The more you know, the less you need.1
Ok okay, I admit it — I took you for granted — I’m sorry. I could turn the tap or flip the switch and there you were. Yes, I treated you foolishly, but I’ve changed — please believe me — just give me one more chance.
Since embarking on a cardanchi lifestyle I’ve noticed small shifts in behaviour and thinking. Recently my dependency on water and electricity has moved to the forefront of attention; having to collect and carry both daily. A realisation of a preprogramming to accept & expect such conveniences, neglecting the fact that these are services I pay for. And how efficient our service providers are at camouflaging consumption and charges — promoting and encouraging a reversed value system: consumption > conservation. A more responsible approach from both the service users and providers is
needed dreamed of. Shifting priorities and necessities, establishing new value systems — not only for water and electricity.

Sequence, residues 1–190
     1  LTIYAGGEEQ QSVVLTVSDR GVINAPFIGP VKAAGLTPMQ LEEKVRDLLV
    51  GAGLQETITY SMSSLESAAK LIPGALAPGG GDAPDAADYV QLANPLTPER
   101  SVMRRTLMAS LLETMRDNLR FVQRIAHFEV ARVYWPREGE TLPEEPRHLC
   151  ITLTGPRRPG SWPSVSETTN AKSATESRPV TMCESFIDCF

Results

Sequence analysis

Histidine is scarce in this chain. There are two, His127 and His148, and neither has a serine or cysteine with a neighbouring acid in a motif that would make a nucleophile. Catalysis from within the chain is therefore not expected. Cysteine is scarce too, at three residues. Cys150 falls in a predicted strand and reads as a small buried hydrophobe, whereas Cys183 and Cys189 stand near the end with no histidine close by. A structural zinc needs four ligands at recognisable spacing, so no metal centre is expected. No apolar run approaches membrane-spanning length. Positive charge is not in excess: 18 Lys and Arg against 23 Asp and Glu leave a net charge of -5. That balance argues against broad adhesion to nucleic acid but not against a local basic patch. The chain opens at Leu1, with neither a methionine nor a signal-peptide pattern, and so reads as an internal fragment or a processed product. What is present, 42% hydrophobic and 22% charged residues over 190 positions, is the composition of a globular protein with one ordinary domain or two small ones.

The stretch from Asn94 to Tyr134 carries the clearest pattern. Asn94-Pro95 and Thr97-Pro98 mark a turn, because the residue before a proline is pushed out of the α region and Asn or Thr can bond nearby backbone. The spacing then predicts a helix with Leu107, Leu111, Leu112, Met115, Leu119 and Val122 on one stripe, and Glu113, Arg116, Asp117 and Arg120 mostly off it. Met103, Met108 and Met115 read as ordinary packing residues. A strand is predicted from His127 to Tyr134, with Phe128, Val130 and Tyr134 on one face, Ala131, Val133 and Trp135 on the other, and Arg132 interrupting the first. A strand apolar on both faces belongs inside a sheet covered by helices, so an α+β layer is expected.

Necessity changing behaviour and relationships to consumption.
Again—field thinking, informing home practice and studio innovation.
Simple Economy and Daily Rituals
My daily ritual of visiting the fresh water spring is far from bothersome (as initially expected) in fact, the opposite is true. A natural marker or decompression between spaces, and mental states. A peaceful moment, a time of reflection. As too with a limited electricity supply. Naturally filtering how much and of what to work on; keeping focused & working efficiently — Thrift, thriving.
Which would have advanced the most at the end of a month — the boy who had made his own jackknife from the ore which he had dug and smelted, reading as much as would be necessary for this — or the boy who had attended the lectures on metallurgy at the Institute in the meanwhile, and had received a Rodgers’ penknife from his father?
Which would be most likely to cut his fingers?2
Notes on Living Outside Cultural Norms. Looking over my shoulder... bears!
Notes on Living Outside Cultural Norms. Markers.
Notes on Living Outside Cultural Norms. Hairy legs are not enough.
Notes on Living Outside Cultural Norms. Corporate etiquette & Personal hygiene.